Although worldly status, wealth, position, power and influence may forever be beyond most of us, the principle of utterly depending upon God is within the reach of each one of us. Anyone can choose to apply this principle of leadership within his or her life.
2. A second principle of Godly leadership is that leadership comes from first being the type of person God wants me to be in order that I might become an example worthy of imitation.
One key requirement of pastoral leadership is for elders to be an example to the flock (1 Peter 5:3). Being an example should not be understood as summarizing all of the means by which an elder leads. He also leads through teaching (Titus 1:9; 1 Timothy 5:17) and equipping the flock for good works (Ephesians 4:11-14). But unless the elder is “above reproach” (Titus 1:6,7; 1 Timothy 3:2,7) and thus worthy of imitation, he has lost his capacity to be a godly leader within the church.
Jesus provides us with the ultimate human model of leadership worthy of imitation. One major aspect of Jesus’ leadership is that he first modeled those beliefs, values, attitudes and behavior which his disciples were to possess (John 13:15; Luke 9:23-24; Philippians 2:5-8; Ephesians 5:2; 1 Corinthians 11:1).
Although the answer is rather obvious, there is the need to ask the question, “an example of what?” Leadership involves knowing what is important and where the group ought to be headed. Fundamentally, there are two diametrically opposed goals which war for the heart of the leader. On the one hand, either we will seek to preserve Self or some human value which Self has embraced, or on the other hand we will seek the Lord. God’s primary goal for his people has been and will always be summarized by the command “to love the Lord your God will all of your heart, soul and strength.” The second priority is to love others as one loves himself. Accordingly, these should be the primary goals driving godly leadership.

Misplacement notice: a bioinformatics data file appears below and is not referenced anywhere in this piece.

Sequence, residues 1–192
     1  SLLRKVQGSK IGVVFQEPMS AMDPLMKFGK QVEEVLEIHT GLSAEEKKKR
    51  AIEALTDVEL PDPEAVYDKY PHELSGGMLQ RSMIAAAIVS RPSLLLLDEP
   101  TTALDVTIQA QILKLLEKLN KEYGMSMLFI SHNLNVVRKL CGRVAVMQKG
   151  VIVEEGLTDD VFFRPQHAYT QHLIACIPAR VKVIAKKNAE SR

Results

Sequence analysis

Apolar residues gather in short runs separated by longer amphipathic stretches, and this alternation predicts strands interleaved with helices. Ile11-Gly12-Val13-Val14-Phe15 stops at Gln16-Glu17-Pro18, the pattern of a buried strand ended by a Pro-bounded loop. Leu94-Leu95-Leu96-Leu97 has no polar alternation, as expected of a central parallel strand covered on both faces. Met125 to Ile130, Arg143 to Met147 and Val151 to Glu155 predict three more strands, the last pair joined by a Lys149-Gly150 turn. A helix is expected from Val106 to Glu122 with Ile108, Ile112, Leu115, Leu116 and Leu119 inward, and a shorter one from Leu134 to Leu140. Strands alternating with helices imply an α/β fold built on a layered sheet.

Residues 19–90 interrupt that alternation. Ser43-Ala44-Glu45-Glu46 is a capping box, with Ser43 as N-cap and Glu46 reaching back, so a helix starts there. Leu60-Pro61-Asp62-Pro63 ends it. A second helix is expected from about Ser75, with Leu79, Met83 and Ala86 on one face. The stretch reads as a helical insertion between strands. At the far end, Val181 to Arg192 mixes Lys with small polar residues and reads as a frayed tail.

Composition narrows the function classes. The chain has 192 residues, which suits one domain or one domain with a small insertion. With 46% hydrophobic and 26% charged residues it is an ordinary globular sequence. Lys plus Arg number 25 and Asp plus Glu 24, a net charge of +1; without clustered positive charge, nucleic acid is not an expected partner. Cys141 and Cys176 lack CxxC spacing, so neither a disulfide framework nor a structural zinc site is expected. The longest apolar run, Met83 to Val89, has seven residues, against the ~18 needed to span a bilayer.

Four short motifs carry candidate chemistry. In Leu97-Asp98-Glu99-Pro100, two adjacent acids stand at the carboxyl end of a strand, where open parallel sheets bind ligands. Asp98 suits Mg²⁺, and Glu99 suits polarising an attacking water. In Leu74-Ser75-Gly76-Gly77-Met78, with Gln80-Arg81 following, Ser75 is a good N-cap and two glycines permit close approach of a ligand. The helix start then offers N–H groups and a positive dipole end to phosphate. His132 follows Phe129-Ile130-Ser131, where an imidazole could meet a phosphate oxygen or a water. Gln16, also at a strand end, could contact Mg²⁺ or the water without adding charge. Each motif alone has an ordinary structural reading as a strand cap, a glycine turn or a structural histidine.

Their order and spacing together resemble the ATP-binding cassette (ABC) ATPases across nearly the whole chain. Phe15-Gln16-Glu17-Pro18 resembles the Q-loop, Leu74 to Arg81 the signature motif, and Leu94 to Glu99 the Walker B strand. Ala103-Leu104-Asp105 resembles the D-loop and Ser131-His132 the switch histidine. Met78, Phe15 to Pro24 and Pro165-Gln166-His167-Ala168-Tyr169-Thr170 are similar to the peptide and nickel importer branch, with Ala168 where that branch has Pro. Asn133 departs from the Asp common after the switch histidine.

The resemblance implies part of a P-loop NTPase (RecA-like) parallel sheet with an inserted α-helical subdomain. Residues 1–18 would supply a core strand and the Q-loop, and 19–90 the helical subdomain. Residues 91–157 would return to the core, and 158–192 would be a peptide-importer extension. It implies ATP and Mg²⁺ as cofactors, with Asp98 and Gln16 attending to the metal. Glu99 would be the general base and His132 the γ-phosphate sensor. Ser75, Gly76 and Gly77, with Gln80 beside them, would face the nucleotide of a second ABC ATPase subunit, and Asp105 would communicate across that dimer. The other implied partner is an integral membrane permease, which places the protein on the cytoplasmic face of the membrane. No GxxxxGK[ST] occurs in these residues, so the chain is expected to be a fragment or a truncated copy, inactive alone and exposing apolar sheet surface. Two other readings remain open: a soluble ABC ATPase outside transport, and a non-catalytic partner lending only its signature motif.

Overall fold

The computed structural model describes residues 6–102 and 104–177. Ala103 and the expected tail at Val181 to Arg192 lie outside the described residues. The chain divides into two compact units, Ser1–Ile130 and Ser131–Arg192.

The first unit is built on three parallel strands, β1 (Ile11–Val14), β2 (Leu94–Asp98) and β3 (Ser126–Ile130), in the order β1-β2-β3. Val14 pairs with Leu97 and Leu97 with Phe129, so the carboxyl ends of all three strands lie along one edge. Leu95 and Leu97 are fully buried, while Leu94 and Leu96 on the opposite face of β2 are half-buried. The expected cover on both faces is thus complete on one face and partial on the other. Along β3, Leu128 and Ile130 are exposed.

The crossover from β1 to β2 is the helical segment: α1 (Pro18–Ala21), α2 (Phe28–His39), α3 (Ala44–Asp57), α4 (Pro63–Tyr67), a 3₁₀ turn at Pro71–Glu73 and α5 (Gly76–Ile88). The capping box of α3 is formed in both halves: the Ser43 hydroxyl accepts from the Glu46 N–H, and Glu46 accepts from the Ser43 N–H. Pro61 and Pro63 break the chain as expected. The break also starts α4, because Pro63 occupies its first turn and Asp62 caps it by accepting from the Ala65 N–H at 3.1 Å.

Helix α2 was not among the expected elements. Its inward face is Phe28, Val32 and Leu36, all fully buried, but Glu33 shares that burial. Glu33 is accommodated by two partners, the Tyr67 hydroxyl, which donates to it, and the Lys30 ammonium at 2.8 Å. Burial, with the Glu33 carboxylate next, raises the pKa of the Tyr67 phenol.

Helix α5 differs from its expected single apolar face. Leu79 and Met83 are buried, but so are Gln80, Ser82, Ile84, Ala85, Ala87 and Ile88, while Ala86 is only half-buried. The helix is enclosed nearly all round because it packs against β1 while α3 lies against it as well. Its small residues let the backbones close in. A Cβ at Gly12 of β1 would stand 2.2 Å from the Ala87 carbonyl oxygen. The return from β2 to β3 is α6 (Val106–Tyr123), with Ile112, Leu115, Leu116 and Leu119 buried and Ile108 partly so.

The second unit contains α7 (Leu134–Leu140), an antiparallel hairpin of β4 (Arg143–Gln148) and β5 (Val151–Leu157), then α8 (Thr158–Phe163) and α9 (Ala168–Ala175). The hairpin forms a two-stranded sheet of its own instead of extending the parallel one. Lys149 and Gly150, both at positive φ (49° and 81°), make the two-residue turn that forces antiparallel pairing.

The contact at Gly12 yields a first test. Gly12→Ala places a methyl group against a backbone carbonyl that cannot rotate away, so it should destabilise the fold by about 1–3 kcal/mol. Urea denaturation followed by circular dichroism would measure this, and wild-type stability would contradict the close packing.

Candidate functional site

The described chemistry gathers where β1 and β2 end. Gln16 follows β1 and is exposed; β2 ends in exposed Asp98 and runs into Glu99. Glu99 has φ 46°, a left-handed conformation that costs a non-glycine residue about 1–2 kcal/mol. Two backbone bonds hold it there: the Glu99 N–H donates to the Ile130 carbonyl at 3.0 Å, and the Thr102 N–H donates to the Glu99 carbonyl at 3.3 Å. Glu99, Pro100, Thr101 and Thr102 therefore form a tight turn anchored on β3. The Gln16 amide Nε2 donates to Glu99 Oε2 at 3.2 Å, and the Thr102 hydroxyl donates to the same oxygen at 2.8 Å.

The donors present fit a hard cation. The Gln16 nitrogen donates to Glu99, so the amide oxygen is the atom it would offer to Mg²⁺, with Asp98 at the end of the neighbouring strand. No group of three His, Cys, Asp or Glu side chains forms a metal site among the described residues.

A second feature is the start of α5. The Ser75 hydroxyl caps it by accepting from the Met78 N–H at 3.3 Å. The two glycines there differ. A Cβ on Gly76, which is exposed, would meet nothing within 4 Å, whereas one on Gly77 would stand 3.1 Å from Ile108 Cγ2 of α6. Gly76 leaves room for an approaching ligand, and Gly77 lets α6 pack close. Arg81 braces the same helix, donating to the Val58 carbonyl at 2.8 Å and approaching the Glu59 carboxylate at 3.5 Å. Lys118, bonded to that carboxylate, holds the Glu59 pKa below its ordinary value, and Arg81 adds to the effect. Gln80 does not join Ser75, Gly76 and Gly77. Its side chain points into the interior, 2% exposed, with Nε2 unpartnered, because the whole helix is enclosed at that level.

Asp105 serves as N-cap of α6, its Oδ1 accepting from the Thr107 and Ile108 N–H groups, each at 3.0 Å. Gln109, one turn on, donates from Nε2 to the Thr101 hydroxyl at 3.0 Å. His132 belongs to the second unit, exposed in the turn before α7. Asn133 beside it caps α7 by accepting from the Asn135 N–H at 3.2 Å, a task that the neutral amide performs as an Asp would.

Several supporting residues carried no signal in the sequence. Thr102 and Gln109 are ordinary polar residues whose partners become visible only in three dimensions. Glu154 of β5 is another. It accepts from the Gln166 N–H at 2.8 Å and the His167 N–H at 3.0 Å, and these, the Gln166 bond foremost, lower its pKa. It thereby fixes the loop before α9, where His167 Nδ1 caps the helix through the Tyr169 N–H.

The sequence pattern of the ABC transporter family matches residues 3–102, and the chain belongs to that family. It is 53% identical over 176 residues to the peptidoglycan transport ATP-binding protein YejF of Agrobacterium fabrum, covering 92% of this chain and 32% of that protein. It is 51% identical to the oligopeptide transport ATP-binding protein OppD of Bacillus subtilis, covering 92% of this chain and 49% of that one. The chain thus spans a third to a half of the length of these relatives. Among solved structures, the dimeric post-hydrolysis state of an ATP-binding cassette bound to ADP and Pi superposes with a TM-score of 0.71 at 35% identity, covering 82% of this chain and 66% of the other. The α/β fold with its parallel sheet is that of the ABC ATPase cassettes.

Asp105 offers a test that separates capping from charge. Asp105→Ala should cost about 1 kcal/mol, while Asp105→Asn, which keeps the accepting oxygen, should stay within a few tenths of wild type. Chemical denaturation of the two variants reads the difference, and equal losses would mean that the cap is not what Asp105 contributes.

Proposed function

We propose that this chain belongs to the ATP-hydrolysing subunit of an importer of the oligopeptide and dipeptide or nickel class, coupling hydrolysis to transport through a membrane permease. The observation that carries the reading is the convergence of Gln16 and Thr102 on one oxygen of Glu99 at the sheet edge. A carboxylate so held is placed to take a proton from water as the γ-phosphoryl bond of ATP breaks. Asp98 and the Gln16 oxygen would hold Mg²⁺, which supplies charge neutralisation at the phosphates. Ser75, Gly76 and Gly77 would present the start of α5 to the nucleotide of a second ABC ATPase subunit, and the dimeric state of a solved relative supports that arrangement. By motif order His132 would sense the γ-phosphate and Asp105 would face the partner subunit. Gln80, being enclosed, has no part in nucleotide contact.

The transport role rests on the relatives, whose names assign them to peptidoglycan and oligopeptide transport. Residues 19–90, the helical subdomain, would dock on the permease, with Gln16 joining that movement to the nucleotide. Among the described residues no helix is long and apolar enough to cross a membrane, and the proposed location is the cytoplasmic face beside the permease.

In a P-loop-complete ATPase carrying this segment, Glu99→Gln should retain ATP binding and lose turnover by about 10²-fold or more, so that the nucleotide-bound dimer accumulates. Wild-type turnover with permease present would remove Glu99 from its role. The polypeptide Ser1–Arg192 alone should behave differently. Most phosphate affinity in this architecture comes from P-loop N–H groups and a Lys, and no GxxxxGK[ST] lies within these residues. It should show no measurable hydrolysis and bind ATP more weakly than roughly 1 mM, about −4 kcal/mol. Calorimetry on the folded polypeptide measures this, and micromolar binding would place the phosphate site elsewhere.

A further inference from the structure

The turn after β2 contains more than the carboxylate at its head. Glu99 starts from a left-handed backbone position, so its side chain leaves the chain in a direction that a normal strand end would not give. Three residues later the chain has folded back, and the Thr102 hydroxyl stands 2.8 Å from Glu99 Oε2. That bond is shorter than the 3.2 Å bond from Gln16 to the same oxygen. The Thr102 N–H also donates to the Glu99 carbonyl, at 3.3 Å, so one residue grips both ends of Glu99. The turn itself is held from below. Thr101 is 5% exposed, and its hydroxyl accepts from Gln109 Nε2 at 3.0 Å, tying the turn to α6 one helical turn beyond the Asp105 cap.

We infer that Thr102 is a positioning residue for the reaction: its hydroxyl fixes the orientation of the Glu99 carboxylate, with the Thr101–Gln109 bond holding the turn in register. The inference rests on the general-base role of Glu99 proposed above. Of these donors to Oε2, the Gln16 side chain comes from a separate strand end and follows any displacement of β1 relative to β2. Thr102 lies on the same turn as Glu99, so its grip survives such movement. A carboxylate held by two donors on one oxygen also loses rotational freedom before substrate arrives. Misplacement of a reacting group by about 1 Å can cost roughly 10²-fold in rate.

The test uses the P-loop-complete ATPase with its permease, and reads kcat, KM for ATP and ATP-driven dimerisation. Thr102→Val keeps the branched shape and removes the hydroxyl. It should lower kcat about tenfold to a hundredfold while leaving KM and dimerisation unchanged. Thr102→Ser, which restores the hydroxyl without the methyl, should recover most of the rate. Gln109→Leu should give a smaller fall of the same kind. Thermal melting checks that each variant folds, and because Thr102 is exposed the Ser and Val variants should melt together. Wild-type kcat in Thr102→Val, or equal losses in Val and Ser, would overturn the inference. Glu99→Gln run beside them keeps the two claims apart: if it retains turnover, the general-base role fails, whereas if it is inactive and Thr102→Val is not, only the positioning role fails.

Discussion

Unfortunately, at times the religious shepherds of Israel failed to love God and others, as they ought. Instead, they fell into the idolatrousness of living to serve themselves (Ezekiel 34:1-3, 8; self-centered greed is idolatry Colossians 3:5). This predictably resulted in them abusing and failing in their leadership responsibilities toward the flock (Ezekiel 34:2-6).
In instructing parents what to teach their children, God focused parents upon the primary lesson and value within life, namely to love God with all of our being (Deuteronomy 6:4-9) Success in raising children is not measured by their eventual economic security, societal status, power, prestige, ability to acquire material goods, how much leisure time they can afford, etc. Success is determined by whether they grow up to love God. The parent who through actions, words, time and financial means places the greatest emphasis upon his child’s development toward being a doctor or a sports hero, should not later wonder why his child left the church. The child learned and obeyed exactly the values of the parent.
Our goal should be to first love God and then to love our fellow human being. In this way, we will be an example worthy of imitation. The husband and father who selfishly demands that the TV be always tuned to his favorite programs or who insists on being with his friends and doing what he wants to do, will be virtually inept at teaching his family to love and to seek the well-being of other people. The parent who is easily angered when something breaks will reveal through his or her temper just how much he or she values the things of this world. Accordingly, the children will perceive any words about loving God and not the things of this world to be hypocritical and empty. Although the parent might fool himself, others will clearly see what matters most within his life. A parent should not expect his household to respond to him with love, patience, kindness and mercy unless he has first demonstrated these qualities to them. Do not expect your children to listen to you, to forgive you, to make decisions to serve God instead of pleasure and the hectic demands of life, etc. if you have not first modeled these values and behaviors through how you chose to act. This principle of leadership is not beyond the reach of anyone who has first died to self in order to live for God.